Combat on the Restigouche river

combat on the Restigouche river found to 8. July 1760 during the Frenchman and Indian war (seven-year-old war) (1754 - 1763) between British and French naval forces in a river in the Canadian province, flowing into the sinking Lorenz gulf , Québec instead of and ended with a British victory. Although comparatively few ships and crews were involved in this fight, it is nevertheless from great historical importance, since it prevented the last attempt of the Frenchmen to save their possessions in Canada (new France).

Table of contents

prehistory

after the heavy military setbacks of the Frenchmen in the years 1758 and 1759 (among other things Loss of Louisbourg, away Frontenac, away Duquesne, away Ticonderoga, the defeat in the battle on the Abraham level and the surrender following on it of Québec) remained as last support of the defense of Canada Montréal. Since the city at the beginning of of 1760 was in a precarious situation, one arranged a fleet from six frigates in Bordeaux on urge of the governor Vaudreuil , which should bring urgently needed supply there. Vaudreuil hoped to hold with this support not only Montréal to be able to back-conquer but also Québec. To 10. The ships knew April absegeln, on the following day by the French ports blocking British warships were however already placed and absent-minded. Only three ships, the flagship Machault (32 cannons) under the command of captain Giraudais, the Marquis de Malauze (16 cannons) and the Bienfaisant (22 cannons), met again and could continue the journey, while the Soleil and the Aurore were taken by the British and the Fidelite was lost through bad weather. From the crew could save themselves only the captain, four officers, two soldiers and eleven crew members in an open boat on the Azores. When the Frenchmen reached the sinking Lorenz gulf, they experienced that the Royal Navy had forestalled them and had advanced up the sinking Lorenz stream. Thereupon the three frigates with some gekaperten British ships withdrew themselves into the Chaleur bay to the delta of the Restigouche river. From there they sent to messengers after Montréal with the request for further instructions.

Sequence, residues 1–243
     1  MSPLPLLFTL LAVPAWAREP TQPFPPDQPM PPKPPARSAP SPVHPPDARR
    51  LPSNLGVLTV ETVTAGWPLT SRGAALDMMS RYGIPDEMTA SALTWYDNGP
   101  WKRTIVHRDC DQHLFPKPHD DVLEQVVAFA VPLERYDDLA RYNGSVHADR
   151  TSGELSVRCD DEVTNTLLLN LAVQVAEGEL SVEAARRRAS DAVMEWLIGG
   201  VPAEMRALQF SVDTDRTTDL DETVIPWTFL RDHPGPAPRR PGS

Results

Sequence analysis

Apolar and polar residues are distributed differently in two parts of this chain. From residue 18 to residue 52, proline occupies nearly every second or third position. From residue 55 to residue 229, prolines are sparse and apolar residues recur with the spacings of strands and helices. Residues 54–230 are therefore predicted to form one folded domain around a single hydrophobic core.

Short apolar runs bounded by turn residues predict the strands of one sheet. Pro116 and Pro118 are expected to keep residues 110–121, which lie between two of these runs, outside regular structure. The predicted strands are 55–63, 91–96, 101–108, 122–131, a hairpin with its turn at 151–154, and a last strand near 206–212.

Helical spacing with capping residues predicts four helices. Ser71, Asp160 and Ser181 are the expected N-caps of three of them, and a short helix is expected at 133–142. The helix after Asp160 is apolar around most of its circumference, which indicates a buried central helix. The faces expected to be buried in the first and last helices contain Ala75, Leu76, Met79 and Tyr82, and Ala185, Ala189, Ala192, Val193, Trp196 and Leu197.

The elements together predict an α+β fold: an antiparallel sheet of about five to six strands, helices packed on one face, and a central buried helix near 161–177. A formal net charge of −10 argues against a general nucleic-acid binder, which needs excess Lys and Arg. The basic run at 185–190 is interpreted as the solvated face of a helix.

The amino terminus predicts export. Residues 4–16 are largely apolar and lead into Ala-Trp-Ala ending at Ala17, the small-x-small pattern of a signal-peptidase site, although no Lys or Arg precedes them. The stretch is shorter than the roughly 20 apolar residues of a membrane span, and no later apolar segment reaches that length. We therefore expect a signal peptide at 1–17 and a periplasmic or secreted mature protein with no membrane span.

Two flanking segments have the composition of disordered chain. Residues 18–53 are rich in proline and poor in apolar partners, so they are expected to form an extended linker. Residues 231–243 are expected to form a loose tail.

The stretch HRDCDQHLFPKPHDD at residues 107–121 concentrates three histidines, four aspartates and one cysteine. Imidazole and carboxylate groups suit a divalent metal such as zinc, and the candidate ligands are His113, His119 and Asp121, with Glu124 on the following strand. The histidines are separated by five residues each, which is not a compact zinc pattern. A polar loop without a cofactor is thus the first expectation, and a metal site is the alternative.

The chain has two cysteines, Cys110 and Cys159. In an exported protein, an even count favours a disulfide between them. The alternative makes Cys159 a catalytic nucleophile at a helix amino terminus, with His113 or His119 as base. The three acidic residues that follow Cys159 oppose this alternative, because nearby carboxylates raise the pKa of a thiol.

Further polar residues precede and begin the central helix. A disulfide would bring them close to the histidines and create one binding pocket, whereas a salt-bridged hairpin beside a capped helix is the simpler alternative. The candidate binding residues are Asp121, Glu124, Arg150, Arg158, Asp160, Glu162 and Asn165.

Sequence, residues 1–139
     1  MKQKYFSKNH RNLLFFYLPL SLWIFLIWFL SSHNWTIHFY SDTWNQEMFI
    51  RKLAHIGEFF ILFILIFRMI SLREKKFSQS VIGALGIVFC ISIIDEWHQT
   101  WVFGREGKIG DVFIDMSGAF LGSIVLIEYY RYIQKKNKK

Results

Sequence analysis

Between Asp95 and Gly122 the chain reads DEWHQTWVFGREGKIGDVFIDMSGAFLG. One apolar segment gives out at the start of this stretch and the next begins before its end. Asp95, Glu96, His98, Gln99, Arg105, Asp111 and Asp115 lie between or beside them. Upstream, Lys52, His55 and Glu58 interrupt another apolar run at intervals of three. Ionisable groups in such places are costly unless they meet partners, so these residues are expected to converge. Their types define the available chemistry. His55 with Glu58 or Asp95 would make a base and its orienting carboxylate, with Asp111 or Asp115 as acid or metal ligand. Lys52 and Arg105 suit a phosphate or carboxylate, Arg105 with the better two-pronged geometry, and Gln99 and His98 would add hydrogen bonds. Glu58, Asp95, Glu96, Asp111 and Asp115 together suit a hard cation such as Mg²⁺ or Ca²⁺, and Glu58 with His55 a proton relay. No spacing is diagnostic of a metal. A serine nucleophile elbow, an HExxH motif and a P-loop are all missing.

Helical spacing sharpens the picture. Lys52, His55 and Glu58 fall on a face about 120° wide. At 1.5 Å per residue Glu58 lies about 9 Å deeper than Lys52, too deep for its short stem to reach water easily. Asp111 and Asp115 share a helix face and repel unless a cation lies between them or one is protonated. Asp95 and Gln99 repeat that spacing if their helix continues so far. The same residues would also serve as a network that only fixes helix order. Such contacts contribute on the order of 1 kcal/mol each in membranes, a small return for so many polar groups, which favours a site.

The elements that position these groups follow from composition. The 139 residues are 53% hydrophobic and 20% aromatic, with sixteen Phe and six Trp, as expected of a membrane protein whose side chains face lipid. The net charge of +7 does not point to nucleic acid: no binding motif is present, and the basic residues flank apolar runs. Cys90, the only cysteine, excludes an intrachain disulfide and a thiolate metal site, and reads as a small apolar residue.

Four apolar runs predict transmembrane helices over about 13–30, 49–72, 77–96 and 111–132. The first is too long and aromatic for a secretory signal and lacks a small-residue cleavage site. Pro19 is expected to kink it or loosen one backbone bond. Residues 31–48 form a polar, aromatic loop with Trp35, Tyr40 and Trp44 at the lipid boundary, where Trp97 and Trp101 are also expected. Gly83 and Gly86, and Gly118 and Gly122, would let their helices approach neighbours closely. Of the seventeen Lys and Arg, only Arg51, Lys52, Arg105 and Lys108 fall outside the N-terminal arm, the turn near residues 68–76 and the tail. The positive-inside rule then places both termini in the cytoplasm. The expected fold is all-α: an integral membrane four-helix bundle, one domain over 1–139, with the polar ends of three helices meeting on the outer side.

meanwhile however